Friday, 25 September 2015

Apple iOS 9 Ad-Blocking: What it is and How will it affect Publishers?


Safari in iOS 9 will come with a content blocker, that can stop images, scripts and other content from loading in the devices. It will not only block advertisements, cookies and pop-ups but will also disable tracking scripts and malware domains. Acc. to September 2014 report from PageFair and Adobe - the number of ad-block users around 200 million worldwide. The increase is even more pronounced on the Mac, with the number of Safari users running ad blocking extensions rising 71 percent to 9 million.

There are a number of benefits for the user with content blocking:
a. User privacy protection, 
b. Reduce data usage
c. Preserve up to 20% of the battery life
d. Improves page load time. 
e. The new iOS 9 web view, which can be used in many third-party apps, like Twitter and Facebook, would make external links faster to load. 

NOTE: Safari in iOS 9 will, however include a feature that lets you long-press on the reload button to load the site again without the content blocker running.

Reports say - The change will costs publishers more than $20 billion per year. Content blocking in iOS 9 is going to screw up way more than just ads. These new applications, which are mostly used to block ads, block JavaScript code from loading on websites based on a list that specifies which sources are disallowed. Advertisers may not be able to use tools such Google Analytics (for website analytics), Optimizely (A/B Testing tool for websites), Remarketing advertisements etc. to their fullest potential.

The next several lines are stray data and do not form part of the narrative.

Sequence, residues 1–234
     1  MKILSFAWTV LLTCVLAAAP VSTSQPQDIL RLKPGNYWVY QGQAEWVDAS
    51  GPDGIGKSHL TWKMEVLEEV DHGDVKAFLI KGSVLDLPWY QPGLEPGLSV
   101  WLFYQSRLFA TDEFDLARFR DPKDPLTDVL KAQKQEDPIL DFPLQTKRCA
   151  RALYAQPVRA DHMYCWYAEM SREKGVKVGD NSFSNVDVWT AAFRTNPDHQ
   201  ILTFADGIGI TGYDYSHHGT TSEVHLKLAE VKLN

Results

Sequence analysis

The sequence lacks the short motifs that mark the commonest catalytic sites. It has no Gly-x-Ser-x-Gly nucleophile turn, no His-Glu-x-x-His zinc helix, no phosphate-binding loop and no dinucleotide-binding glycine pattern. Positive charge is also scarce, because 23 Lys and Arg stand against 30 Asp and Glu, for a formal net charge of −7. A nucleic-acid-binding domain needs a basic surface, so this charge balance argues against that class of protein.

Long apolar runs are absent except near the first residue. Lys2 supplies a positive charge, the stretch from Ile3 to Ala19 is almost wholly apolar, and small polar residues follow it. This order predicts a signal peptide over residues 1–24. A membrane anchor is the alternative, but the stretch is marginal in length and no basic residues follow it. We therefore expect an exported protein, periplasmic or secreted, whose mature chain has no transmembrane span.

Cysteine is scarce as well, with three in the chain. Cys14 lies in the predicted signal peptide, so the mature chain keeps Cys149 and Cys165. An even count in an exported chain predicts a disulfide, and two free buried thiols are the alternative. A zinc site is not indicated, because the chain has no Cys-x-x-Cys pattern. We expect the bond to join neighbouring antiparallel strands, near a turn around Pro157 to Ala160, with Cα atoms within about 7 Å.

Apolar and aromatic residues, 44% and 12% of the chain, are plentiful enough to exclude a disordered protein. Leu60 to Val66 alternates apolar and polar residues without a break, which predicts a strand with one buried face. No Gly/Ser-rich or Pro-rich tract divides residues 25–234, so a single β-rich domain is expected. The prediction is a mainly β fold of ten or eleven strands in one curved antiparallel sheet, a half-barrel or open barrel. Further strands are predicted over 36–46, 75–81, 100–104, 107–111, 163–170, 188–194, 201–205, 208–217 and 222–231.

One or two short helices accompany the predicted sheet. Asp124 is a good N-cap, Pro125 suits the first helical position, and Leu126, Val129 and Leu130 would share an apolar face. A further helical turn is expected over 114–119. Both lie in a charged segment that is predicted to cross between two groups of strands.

The publishers will likely lean toward different types of advertisements that aren’t as easily stopped – like native ads, IP based targeting ads etc. 

Publishers will also be driven to Apple’s forthcoming News app arriving in iOS 9, where Apple can generate revenue via its own advertising system, iAd.  

A Nieman Lab report noted that Apple’s News app will rely on iAd, an OS-level ad platform that can’t be vanquished or bypassed with ad-block software. Publishers who see declining mobile ad revenue might be persuaded to sign on with News, where Apple reportedly could take a 30 percent cut of ads that iAd sells on behalf of the publisher.

(the views are crowd-sourced from various websites and is solely for information purpose only)

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